Georgia Entrepreneur Relishes Newfound Sense of Community She’s Experienced Since Buying Franchise

A Georgia entrepreneur who decided to reinvent herself professionally has found something she was missing in her former life; a sense of community.

Linda Pirog, a Senior Helpers franchisee in Peachtree City, GA, left Toys“R”Us after more than 20 years in the company’s retail operations and store planning to pursue her dream of business ownership. Working in the toy retailer’s International Division meant she spent about 70 percent of her time traveling, taking her away from family and causing her to work many holidays and weekends with them.

“I didn’t really have any sense of community because I worked out of the country,” she said during a recent interview with Franchising USA.

That all changed in June 2006 when she purchased her Senior Helpers franchise, the eighteenth franchise to be sold by the company.

Pirog said she enlisted the help of a business broker and spent eight months searching through all kinds of businesses that would target Baby Boomers or the aging population within the health and wellness industry. When she found Senior Helpers it was just the right fit.

“As soon as I got the information on Senior Helpers, I knew it was what we were looking for,” Pirog said. “After having a personal experience trying to keep a loved one safe at home, there wasn’t a doubt in my mind that this was the business for me.”

Getting Started

The franchisee said she went to Senior Helpers’ headquarters in Baltimore for “Discovery Day” prior to purchasing the franchise so she could get a better feel for the company and ask any questions she had.

Once she purchased her franchise, she went back to Baltimore for a week of training and received the company’s operations manual, which taught the basics of opening and running a Senior Helpers franchise. The manual contained valuable information about pre-opening procedures, selecting a location, structuring the office, completing a competitive analysis and marketing the business.

The company also assigned her a business consultant who helped ensure the business was ready to open and assisted the new franchisee with procuring a home care license in Georgia. Pirog was the first Senior Helpers franchisee to get licensed in Georgia, so she appreciated the help with that.

She also hired a registered nurse to help her with the technical aspects of setting up a senior care business in the state.

Pirog now helps with the training of new franchisees, saying her location has hosted training for new business owners coming onboard.

In addition to on-site training in the field, Senior Helpers offers Helpers Headlines, a newsletter for franchisees that contains industry updates, ongoing webinars that provide training, marketing and advertising information and other important news. There is also a monthly training calendar that has classes for office staff and employees alike.

Additionally, Senior Helpers has monthly marketing themes, which the company sends out information on each month.

Among the Senior Helpers’ programs that Pirog is most impressed with are the company’s Parkinson’s Care program, the Seniors Gems® Alzheimer’s Workshop series, and the Virtual Dementia Tour®, done in partnership with Second Wind Dreams® in select markets.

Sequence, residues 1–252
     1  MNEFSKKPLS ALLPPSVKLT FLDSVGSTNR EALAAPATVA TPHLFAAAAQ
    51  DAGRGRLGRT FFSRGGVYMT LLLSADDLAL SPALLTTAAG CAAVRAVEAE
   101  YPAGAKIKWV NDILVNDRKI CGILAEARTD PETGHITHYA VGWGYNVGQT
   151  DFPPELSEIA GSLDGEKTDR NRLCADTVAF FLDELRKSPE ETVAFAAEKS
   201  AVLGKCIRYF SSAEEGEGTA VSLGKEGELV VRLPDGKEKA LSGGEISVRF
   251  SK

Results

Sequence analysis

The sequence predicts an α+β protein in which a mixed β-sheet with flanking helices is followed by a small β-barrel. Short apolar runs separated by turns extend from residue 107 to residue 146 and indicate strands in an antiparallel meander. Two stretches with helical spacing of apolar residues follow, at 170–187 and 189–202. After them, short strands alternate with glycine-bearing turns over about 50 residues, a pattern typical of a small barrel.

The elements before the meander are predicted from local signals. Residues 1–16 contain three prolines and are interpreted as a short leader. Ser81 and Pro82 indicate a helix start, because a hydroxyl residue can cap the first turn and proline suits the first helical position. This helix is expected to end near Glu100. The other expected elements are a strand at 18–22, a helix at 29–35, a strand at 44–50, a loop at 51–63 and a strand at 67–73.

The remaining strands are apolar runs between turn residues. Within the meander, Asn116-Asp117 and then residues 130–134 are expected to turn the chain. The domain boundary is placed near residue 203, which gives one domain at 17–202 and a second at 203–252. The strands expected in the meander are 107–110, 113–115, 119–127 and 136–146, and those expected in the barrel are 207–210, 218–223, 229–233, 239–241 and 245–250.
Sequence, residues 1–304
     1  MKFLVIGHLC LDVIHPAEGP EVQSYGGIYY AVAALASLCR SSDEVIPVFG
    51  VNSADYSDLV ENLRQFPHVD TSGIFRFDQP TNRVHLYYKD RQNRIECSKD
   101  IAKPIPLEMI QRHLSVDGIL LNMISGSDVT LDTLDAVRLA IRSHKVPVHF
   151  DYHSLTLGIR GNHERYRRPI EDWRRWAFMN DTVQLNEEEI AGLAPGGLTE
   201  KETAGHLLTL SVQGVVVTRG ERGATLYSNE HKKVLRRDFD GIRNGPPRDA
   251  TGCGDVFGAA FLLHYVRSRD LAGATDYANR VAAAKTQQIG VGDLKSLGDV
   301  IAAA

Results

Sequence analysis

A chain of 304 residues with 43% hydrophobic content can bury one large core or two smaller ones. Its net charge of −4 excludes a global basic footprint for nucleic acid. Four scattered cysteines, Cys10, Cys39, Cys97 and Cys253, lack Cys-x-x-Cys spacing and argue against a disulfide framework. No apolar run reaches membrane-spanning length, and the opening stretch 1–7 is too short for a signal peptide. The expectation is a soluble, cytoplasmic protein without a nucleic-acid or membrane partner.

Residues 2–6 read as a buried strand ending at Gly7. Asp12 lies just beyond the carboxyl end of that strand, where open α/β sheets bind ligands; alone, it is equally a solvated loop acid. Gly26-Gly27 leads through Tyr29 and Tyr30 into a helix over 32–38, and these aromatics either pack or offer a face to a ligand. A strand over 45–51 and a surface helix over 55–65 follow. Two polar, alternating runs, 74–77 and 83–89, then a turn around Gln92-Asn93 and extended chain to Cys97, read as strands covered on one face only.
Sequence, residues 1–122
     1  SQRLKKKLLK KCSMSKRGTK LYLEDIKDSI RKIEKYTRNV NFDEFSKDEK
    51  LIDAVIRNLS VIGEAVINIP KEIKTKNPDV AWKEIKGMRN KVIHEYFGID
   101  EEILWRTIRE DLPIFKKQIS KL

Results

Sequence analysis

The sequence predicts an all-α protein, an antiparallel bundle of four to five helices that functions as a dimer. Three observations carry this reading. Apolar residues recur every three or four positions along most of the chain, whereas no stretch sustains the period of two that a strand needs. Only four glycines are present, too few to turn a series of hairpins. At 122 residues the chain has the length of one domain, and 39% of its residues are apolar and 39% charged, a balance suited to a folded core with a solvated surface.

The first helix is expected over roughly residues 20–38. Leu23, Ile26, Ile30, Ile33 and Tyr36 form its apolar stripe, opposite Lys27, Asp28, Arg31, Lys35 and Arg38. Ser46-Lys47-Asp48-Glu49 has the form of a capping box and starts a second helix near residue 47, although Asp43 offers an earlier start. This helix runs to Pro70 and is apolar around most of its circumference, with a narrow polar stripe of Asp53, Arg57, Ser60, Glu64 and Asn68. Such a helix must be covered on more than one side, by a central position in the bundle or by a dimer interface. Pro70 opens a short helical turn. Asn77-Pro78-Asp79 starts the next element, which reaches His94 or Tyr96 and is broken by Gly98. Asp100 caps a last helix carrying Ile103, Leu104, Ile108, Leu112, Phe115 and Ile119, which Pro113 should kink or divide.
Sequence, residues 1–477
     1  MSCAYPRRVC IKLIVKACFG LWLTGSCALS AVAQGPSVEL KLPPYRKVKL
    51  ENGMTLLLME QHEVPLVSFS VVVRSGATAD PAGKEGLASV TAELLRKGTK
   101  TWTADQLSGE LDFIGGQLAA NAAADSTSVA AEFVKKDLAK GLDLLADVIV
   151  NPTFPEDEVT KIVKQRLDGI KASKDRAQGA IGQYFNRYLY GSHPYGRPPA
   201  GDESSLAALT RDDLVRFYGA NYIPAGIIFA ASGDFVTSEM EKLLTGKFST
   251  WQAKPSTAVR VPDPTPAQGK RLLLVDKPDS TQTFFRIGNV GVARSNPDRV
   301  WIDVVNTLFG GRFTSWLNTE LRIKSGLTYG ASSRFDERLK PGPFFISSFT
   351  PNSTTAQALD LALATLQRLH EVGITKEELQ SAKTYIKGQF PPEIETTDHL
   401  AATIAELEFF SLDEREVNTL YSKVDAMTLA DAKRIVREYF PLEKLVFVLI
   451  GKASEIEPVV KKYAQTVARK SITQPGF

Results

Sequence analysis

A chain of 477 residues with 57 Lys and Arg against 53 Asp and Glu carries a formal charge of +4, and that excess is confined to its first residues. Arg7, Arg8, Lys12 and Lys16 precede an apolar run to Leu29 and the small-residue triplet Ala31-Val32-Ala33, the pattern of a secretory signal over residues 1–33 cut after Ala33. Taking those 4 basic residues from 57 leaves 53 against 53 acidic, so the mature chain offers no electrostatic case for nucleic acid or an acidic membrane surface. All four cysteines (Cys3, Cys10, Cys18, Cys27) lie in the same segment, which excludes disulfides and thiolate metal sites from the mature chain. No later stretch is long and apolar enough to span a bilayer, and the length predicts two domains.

Not only does Senior Helpers train its own staff about Parkinson’s and Alzheimer’s, but it also trains others employees in the various local assisted living communities and senior centers.

Calling Senior Helpers a leader in the industry, Pirog also cited the company’s partnership with talk show host Leeza Gibbons and Alzheimer’s and Dementia expert Teepa Snow as evidence of its industry leadership.

Pirog said she’s also impressed with the Senior Helpers franchise advisory council, of which she had been part of for many years. Being involved with the advisory council allowed her to be involved with not only her franchise as it grew, but also with the company as it grew.

The advisory council has franchisee representatives from all over the United States and franchisees can always pick up the phone and call their representative on the council if they have questions or concerns and the council will pass it along to the company.

“It’s a really great way to get information flowing, which I think is healthy, as well,” Pirog said.

Family Time

Being a franchisee has really changed the complexion of Pirog’ s professional career, going from retail management, which involves working weekends and holidays when most other people are off, to having a more traditional Monday to Friday schedule. While she still has some weekend work and certain events that she has to be there for, it’s been a much more balanced lifestyle, the business owner said.

The support and expertise of the team at Senior Helpers has given her the flexibility to incorporate all of her life commitments into her days. She’s gained additional family time and a real sense of community, something she was lacking in her former profession. Pirog said she’s gotten to know the local business and government leaders in her local community like she’s never had the chance to before and she’s much more involved with her local Chamber of Commerce.

For Pirog, Senior Helpers has fulfilled everything she was looking for in a business, including giving her that much sought after sense of belonging. Hanging in her office is a picture of her mother and mother-in-law, which reminds her everyday of why she does this work. “I completely changed the direction of my professional life and haven’t looked back.”

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